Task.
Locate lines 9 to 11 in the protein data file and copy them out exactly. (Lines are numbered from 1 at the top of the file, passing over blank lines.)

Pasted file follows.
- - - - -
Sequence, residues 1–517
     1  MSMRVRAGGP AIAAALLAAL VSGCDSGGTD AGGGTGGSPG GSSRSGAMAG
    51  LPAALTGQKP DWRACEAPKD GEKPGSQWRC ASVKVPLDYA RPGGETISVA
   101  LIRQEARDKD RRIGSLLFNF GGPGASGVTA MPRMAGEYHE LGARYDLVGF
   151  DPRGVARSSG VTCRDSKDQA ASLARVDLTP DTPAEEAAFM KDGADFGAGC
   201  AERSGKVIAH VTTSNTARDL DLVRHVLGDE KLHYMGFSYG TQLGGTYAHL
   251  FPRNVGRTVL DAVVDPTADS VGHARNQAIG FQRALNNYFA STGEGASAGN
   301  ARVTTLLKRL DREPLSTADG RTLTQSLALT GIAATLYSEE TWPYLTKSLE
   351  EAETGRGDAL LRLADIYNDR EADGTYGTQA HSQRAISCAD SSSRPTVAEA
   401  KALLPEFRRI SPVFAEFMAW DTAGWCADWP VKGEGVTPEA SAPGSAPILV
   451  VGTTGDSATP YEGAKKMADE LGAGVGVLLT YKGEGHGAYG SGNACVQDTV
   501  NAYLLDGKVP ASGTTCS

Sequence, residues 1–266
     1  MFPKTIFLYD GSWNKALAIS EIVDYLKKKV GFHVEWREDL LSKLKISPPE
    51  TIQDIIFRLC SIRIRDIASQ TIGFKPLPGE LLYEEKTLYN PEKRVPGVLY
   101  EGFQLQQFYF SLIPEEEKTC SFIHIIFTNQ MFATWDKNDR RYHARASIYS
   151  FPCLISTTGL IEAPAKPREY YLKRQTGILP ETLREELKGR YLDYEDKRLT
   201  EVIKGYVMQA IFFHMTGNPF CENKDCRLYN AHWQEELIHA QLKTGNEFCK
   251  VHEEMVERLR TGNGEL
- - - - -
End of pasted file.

   351  EAETGRGDAL LRLADIYNDR EADGTYGTQA HSQRAISCAD SSSRPTVAEA
   401  KALLPEFRRI SPVFAEFMAW DTAGWCADWP VKGEGVTPEA SAPGSAPILV
   451  VGTTGDSATP YEGAKKMADE LGAGVGVLLT YKGEGHGAYG SGNACVQDTV